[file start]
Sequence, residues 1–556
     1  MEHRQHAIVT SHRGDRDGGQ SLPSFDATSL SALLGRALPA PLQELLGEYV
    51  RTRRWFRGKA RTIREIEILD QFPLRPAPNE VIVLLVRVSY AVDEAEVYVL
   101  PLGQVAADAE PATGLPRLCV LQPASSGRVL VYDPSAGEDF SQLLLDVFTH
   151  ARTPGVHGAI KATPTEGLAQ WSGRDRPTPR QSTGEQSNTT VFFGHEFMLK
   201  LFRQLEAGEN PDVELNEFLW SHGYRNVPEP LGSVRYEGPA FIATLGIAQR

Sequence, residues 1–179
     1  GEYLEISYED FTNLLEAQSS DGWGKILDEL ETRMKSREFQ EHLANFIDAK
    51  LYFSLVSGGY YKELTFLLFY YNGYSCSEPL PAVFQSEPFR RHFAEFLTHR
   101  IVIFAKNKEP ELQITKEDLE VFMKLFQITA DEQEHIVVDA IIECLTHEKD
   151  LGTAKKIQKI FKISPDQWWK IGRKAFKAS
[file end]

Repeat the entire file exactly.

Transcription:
Sequence, residues 1–556
     1  MEHRQHAIVT SHRGDRDGGQ SLPSFDATSL SALLGRALPA PLQELLGEYV
    51  RTRRWFRGKA RTIREIEILD QFPLRPAPNE VIVLLVRVSY AVDEAEVYVL
   101  PLGQVAADAE PATGLPRLCV LQPASSGRVL VYDPSAGEDF SQLLLDVFTH
   151  ARTPGVHGAI KATPTEGLAQ WSGRDRPTPR QSTGEQSNTT VFFGHEFMLK
   201  LFRQLEAGEN PDVELNEFLW SHGYRNVPEP LGSVRYEGPA FIATLGIAQR

Sequence, residues 1–179
     1  GEYLEISYED FTNLLEAQSS DGWGKILDEL ETRMKSREFQ EHLANFIDAK
    51  LYFSLVSGGY YKELTFLLFY YNGYSCSEPL PAVFQSEPFR RHFAEFLTHR
   101  IVIFAKNKEP ELQITKEDLE VFMKLFQITA DEQEHIVVDA IIECLTHEKD
   151  LGTAKKIQKI FKISPDQWWK IGRKAFKAS